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What Happens During Menopause?

Menopause has three stages – premenopause, perimenopause and postmenopause.

Often, perimenopause and postmenopause are collectively referred to as menopause, but technically, you are "in menopause" when you've had one year without a period.

A clock with a pause symbol, a reference to menopause

Perimenopause, meaning "around menopause," varies in duration but averages about four years. During this time, your periods will become irregular in length and flow and your cycle length will change. This is also the time when you may start to experience symptoms related to fluctuating hormone levels.

Hot Flashes

Hot flashes are among the most well-known menopause symptoms—about 80% of women experience them at some point. These sudden bursts of heat cause a temporary increase in body temperature that leads to flushing and sweating in the chest, neck and face.

Night sweats, hot flashes that occur during sleep, can start to disrupt your rest. Hot flashes and night sweats are often triggered by spicy food, alcohol, caffeine, stress and anxiety. They can also be worsened by smoking, diet and having a larger body size. Research shows that ethnicity can also influence hot flashes, with Black women experiencing more severe and long-lasting hot flashes.

Vaginal Dryness

Menopause causes almost every woman to experience some degree of vaginal dryness and thinning of the vaginal tissues. In addition, you may experience pain with vaginal penetration and increased risk of vaginal and urinary tract infections. Some people experience vaginal bleeding from small injuries in these tissues.

Estrogen plays a vital role in the health and function of the vaginal tissues and the healthy balance of bacteria and yeast in the vagina. When hormones decrease, the environment changes and becomes more easily irritated. These symptoms, collectively known as genitourinary syndrome of menopause (GSM), are reported by up to 90% of postmenopausal women—but the true number could be higher.

The good news is that there are several highly effective strategies for managing GSM. Make sure to follow Midday’s vaginal dryness program if you’re struggling with these symptoms. Find it on the Programs page under Manage My Symptoms. Inform your doctor of any significant vaginal bleeding to rule out other potential causes, including abnormalities in the ovaries or uterus.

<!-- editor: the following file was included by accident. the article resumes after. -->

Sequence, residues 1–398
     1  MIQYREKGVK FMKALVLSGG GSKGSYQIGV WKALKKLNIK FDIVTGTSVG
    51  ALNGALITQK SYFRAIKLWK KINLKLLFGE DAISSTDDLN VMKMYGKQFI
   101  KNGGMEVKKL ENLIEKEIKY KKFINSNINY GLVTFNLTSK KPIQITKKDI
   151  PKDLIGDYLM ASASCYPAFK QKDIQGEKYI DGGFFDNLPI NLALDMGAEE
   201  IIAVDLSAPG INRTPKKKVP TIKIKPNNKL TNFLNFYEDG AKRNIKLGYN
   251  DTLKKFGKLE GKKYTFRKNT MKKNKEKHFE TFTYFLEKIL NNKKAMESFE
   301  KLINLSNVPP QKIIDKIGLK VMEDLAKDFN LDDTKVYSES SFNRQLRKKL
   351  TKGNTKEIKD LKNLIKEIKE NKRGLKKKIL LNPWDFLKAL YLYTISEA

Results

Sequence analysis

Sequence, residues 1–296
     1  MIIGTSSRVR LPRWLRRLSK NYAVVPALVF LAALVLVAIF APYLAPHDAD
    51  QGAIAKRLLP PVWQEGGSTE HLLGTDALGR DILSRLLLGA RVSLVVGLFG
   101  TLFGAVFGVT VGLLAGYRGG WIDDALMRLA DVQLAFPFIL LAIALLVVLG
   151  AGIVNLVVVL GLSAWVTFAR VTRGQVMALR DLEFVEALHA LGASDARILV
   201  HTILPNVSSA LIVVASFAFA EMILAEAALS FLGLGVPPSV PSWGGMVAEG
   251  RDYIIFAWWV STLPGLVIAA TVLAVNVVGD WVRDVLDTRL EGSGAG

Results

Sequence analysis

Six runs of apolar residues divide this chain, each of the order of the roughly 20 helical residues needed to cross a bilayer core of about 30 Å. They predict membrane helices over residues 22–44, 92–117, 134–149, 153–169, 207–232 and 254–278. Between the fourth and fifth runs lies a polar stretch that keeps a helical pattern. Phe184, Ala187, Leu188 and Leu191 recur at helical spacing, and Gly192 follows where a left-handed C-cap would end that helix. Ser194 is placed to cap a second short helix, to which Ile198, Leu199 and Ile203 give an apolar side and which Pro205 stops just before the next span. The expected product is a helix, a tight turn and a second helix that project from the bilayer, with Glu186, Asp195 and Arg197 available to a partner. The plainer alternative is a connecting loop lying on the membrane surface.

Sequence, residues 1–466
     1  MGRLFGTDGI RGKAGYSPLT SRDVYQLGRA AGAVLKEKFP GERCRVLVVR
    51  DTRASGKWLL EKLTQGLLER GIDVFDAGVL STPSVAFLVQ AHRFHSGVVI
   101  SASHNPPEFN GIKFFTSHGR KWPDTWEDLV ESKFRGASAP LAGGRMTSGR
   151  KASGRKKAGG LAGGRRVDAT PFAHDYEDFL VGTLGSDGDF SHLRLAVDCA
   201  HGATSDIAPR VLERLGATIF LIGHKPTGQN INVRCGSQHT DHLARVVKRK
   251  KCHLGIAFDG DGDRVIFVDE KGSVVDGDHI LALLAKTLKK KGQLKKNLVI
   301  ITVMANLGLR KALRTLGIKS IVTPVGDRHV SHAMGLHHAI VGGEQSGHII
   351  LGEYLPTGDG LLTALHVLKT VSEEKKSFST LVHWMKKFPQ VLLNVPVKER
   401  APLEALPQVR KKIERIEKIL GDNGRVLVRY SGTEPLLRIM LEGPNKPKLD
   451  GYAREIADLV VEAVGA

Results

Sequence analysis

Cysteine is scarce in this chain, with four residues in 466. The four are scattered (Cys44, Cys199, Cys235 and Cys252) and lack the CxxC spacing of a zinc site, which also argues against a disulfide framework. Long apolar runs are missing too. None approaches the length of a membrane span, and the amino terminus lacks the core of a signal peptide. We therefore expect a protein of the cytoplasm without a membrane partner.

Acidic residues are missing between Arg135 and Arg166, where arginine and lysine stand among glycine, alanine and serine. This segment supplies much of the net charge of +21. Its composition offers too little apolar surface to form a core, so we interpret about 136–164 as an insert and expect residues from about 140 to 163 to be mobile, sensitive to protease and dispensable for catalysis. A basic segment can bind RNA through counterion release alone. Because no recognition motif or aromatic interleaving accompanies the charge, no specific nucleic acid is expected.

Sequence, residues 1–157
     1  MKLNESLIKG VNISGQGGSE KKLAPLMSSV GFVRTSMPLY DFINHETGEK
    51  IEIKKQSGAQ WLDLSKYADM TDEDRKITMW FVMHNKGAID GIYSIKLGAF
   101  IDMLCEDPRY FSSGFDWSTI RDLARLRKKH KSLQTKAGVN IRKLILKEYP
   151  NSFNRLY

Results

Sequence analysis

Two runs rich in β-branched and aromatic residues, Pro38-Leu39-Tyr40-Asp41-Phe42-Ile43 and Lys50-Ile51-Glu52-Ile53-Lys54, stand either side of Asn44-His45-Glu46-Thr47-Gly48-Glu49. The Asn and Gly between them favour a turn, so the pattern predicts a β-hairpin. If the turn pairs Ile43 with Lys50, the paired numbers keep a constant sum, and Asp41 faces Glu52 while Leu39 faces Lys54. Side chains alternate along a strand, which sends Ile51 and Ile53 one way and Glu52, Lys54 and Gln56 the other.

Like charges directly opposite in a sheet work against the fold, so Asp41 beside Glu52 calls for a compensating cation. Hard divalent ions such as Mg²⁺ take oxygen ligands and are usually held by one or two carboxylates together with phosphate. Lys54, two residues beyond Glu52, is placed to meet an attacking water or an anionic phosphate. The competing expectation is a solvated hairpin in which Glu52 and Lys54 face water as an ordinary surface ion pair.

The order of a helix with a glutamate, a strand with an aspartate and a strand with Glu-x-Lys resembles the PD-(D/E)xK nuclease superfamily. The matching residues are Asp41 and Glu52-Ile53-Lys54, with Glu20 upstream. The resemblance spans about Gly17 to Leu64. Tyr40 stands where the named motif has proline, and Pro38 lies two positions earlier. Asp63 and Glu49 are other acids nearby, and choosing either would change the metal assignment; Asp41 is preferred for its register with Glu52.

Weight Gain

Many women notice weight gain around the waist as they enter menopause, even with no significant changes in their diet and exercise.

Estrogen influences metabolism and weight regulation. Without the addition of muscle-building exercise, aging also causes a natural decrease in muscle mass.

Over time, change in body composition slows your metabolism and causes abdominal and visceral fat (fat around the organs) to increase.

Weight gain and increased body fat are not inevitable, but it does mean you have to make changes in your nutrition and exercise if you’re looking to stave off this process.

Cardiovascular Risk

Heart disease is the leading cause of death for women over 50. A loss of estrogen around menopause plays a major role in this increased risk.

Entering menopause typically causes levels of “bad” low-density lipoprotein (LDL) cholesterol to rise.

Declining estrogen can also lead to inflexible blood vessel walls, which increase the risk of atherosclerosis (plaque buildup on vessel walls) and cardiovascular disease in menopausal women.

If you already have an elevated risk of heart disease due to family or personal health history, it’s important to be proactive about your heart health around menopause. Talk to your healthcare provider about the right diet, exercise and medication support for you.

Bone Health

The biggest single risk factor for developing osteoporosis (very low bone density) is being a postmenopausal woman. Bone density is built up until about age 35, at which point it begins to gradually decline. However, the drop in estrogen levels around menopause causes a steep drop off in bone density—you lose up to 10% of your bone density in the five years after menopause.

Changing the trajectory of your bone health starts now. Menopausal hormone therapy shows potential in protecting against bone loss and medications for low bone density may be a good idea for you depending on your risks.

However, all women should protect and strengthen their bones with nutrition and exercise. Eat a diet rich in calcium and protein and get enough vitamin D. Participate in regular weight-bearing movement, impact activities and strength training with heavy weights.

A New Beginning

While perimenopause lasts for several years, postmenopause is for the rest of your life. While some changes that come from lower estrogen levels may be welcome (no more periods!), others like changing health risks can be more challenging to accept.

Your health trajectory is not inevitable. Making small changes adds up to large shifts over time in the elements of your lifestyle that make a major difference in your long-term health and wellness.

Resources like Midday are here to help you along the way. Menopause can be a time of liberation and happiness. With the right support, you can lead a healthy and joyful life for many years to come.

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